I wouldn't have called crshears incident liquid locking, just high pressure hose rupture caused by thermal expansion (by solar gain).

There wasn't any vapour space in the hose, so I figured the liquid locking descriptor did in fact apply; does it matter any how the overpressure is developed?

CR

"As iron sharpens iron, so one person sharpens another." [Proverbs 27:17, NIV]

RE: What does liquid locking mean?

Well a hose isn't supposed to have a vapour space...

Well yes, thermal expansion is known to a big issue as the pressure rise is commonly 3-4 bar per degree C. I's the thermal expansion or thermal pressure rise in a closed volume which is the issue.

But if you had a pump deadhead then it wouldn't overpressure it if it was rated correctly.

Remember - More details = better answers
Also: If you get a response it's polite to respond to it.

RE: What does liquid locking mean?

(OP)

Quote (LittleInch)

If you have a valve then someone will likely open it to vent the gas and fill the cell with liquid??

Yeah, when you open the top valve it releases the refrigerant which boils and leaves as a gas. The cell is filled under pressure as a liquid.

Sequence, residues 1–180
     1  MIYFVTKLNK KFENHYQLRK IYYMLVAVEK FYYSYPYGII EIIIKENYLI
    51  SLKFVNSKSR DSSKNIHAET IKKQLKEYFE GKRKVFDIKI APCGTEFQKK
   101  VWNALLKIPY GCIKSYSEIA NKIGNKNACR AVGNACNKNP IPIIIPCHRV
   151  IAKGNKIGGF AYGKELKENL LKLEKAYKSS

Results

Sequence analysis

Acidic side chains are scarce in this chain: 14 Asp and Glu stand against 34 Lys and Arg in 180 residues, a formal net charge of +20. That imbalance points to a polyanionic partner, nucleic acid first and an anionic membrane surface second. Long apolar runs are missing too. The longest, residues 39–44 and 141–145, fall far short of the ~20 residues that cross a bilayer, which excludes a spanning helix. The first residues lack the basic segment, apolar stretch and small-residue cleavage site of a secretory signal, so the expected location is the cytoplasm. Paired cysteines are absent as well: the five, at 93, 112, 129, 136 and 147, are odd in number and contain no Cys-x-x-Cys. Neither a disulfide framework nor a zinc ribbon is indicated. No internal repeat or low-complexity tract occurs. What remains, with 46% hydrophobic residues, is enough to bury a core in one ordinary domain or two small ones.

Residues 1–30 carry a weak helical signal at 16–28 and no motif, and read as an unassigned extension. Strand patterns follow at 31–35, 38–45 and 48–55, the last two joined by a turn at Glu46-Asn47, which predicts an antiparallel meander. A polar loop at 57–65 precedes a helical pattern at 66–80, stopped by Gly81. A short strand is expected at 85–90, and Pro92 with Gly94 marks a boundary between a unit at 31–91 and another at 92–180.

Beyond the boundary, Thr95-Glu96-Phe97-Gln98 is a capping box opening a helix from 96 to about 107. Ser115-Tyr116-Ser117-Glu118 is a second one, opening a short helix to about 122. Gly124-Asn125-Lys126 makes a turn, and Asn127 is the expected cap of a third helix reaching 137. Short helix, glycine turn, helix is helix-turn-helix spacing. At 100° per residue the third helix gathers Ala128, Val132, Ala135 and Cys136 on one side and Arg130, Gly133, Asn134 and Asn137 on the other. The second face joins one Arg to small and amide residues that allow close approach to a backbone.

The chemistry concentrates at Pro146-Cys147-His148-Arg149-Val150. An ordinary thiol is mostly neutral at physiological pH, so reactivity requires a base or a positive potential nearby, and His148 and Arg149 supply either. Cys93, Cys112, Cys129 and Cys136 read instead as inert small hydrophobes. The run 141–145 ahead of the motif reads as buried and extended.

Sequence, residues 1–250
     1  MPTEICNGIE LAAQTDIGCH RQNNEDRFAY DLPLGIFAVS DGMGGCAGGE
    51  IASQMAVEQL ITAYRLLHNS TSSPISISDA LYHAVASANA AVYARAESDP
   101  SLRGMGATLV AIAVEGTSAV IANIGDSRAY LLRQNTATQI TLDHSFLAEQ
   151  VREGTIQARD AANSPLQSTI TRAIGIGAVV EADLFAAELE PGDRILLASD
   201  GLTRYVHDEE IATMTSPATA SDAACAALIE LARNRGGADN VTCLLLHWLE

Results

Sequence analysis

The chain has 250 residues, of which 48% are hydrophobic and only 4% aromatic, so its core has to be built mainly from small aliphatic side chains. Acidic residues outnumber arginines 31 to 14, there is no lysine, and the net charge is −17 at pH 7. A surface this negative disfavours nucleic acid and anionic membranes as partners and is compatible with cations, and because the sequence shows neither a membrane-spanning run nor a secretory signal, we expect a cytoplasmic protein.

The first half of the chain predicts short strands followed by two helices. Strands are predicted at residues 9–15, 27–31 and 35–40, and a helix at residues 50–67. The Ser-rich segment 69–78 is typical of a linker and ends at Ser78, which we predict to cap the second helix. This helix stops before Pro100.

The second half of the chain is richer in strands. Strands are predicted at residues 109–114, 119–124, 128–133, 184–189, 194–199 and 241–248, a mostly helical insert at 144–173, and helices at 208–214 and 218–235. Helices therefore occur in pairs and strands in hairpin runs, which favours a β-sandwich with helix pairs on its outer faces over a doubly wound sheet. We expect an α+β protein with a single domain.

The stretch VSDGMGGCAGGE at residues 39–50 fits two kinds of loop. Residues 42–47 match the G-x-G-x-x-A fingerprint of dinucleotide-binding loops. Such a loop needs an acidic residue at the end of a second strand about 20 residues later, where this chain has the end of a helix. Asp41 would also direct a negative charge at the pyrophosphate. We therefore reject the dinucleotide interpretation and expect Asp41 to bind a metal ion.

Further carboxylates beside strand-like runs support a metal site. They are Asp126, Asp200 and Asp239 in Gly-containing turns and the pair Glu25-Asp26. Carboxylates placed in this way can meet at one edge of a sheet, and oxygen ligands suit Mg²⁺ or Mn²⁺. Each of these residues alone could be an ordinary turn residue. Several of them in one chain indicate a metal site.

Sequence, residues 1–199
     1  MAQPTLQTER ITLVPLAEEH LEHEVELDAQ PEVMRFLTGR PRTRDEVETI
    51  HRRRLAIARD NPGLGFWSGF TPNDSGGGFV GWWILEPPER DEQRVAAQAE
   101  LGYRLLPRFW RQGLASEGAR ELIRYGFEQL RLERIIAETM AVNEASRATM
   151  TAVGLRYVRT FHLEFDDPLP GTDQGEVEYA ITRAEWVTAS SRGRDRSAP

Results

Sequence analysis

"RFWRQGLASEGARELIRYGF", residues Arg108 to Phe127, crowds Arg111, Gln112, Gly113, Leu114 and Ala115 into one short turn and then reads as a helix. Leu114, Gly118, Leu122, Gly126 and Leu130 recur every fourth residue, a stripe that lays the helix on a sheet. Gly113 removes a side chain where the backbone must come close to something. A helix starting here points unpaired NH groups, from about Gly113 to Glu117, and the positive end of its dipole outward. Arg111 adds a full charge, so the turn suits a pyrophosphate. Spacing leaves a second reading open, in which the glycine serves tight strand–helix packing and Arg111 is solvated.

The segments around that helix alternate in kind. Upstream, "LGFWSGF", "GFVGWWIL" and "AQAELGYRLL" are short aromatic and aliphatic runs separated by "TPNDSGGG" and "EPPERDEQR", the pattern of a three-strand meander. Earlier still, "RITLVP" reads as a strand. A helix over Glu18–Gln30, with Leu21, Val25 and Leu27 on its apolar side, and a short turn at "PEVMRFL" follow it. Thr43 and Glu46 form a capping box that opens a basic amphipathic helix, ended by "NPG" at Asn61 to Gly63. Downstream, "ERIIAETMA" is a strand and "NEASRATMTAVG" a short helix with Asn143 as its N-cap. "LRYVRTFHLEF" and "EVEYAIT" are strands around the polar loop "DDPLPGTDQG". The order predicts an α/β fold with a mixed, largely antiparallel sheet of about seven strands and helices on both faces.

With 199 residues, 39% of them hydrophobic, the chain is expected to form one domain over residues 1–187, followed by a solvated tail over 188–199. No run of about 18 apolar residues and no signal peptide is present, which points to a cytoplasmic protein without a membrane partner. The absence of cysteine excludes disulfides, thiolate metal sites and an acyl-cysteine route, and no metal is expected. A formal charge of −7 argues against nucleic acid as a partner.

RE: What does liquid locking mean?

I think you will have to ask your friendly, neighborhood company chemists what they meant.

RE: What does liquid locking mean?

Hey j.doe, I don't see where you sent a pic of that portion of the drawing; is one of the valves simply a back pressure relief valve that will bleed any overpressure back into another portion of the contained system?

CR

"As iron sharpens iron, so one person sharpens another." [Proverbs 27:17, NIV]

RE: What does liquid locking mean?

(OP)
@crshears I've attached a picture of the drawing, i don't think it's a relief valve, i don't know much about the subject but it just seems like a normal ball valve, both are the same. Maybe you're right though, i'll ask the engineers from the company. Thanks.

RE: What does liquid locking mean?

It's entering the wrong part of the valve according to that drawing. That is the symbol for a generic valve too so unfortunately doesn't help much.

Do you have a datasheet / part number for the valve to look it up? There should be a nameplate on the valve itself



Edit: I've just seen the other thread.